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Old 06-02-2014, 07:57 PM   #15
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Bottom of the freezer, only takes a minuet to clear enough space to use a 6" level for side to side & the glass shelf for front to back and my DW for really getting it level Larry
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Old 06-03-2014, 09:28 AM   #16
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I put my 18" level just inside the door on the floor.

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Old 06-03-2014, 09:47 AM   #17
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I use the stick on levels, then check in the freezer, if I'm within half a bubble all around I figure it's good.
But there are those who say I have always been half a bubble off!
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Old 06-03-2014, 03:05 PM   #18
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Originally Posted by Snake Plissken View Post
Floor, counter and table both directions
Same way here as well.
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Old 06-03-2014, 03:21 PM   #19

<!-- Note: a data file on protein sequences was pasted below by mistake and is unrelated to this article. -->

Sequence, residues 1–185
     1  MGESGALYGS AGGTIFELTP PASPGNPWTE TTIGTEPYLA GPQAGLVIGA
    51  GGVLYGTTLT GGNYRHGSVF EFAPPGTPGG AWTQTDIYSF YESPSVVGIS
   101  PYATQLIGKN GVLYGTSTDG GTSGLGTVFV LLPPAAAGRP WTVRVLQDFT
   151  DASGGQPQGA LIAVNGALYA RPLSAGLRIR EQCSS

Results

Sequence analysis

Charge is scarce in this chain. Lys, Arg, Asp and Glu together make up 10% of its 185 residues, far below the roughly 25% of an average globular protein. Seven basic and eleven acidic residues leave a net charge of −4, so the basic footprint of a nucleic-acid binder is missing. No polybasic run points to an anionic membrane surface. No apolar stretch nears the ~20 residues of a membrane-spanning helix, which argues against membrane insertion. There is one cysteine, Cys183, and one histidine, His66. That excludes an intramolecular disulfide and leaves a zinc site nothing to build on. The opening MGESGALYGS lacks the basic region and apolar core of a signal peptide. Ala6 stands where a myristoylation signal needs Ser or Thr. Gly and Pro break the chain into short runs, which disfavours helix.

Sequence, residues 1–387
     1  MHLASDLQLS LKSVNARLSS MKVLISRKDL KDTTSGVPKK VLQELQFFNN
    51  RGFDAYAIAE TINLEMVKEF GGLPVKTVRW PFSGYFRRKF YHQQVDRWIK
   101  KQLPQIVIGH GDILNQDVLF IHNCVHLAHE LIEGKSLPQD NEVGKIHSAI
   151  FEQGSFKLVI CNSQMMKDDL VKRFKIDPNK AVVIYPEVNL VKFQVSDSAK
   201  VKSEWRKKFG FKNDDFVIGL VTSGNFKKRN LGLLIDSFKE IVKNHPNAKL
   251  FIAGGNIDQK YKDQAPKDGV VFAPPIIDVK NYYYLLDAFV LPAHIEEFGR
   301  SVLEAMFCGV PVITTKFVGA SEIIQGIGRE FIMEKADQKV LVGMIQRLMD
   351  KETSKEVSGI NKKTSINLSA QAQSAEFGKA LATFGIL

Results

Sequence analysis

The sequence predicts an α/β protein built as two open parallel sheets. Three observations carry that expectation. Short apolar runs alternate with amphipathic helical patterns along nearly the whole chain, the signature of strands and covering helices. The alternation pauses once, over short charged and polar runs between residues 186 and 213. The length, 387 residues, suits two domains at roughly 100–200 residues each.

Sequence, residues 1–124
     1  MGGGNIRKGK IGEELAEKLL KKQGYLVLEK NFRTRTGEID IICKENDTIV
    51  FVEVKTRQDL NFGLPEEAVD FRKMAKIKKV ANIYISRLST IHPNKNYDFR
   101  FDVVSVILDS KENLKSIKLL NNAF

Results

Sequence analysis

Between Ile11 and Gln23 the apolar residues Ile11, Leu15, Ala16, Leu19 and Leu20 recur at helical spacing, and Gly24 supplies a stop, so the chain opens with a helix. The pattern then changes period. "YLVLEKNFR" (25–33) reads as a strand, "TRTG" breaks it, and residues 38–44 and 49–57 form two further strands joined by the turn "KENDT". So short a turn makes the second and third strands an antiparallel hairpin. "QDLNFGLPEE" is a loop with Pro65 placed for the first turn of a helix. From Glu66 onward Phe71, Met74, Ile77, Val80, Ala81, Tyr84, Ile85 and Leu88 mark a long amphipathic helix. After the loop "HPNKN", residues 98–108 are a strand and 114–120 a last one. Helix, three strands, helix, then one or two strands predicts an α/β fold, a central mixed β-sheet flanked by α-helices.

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The owners manual says if your comfortable the fridge is comfortable. To me that means its not that critical.
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Old 06-03-2014, 09:20 PM   #20
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Originally Posted by 33 RLDS View Post
The owners manual says if your comfortable the fridge is comfortable. To me that means its not that critical.
Couldn't put it better myself. The fridge can operate (on electric) with quite a bit of leeway from level, so it boils down to your own personal comfort. Some people are more sensitive to out-of-level conditions than others are. Just as some people are more sensitive while standing; others are more sensitive while lying down. Most people spend most of their indoor time standing & walking on the floor, so I lay my level on the floor inside the front door (between the axels and the tongue jack). If someone in your group is particularly sensitive to out-of -level while lying in bed, there's certainly no harm in leveling from their bunk.

As I said in another thread on this same subject, many sinks and bath tubs/shower pans have low spots that can "puddle" water if the trailer is either too far out of level, or too level. In my old trailer, both the galley sink and the bathtub would drain better if the trailer was slightly high at the front, and slightly low on the door side. In the new Eagle, the drains are closer to the center of the trailer (side-to-side), so I get the best drainage when the trailer is level side-to-side,. bit slightly high to the front.

And if you happen to roll over on top of the DW in the middle of the night, you can always blame it on the trailer being out of level.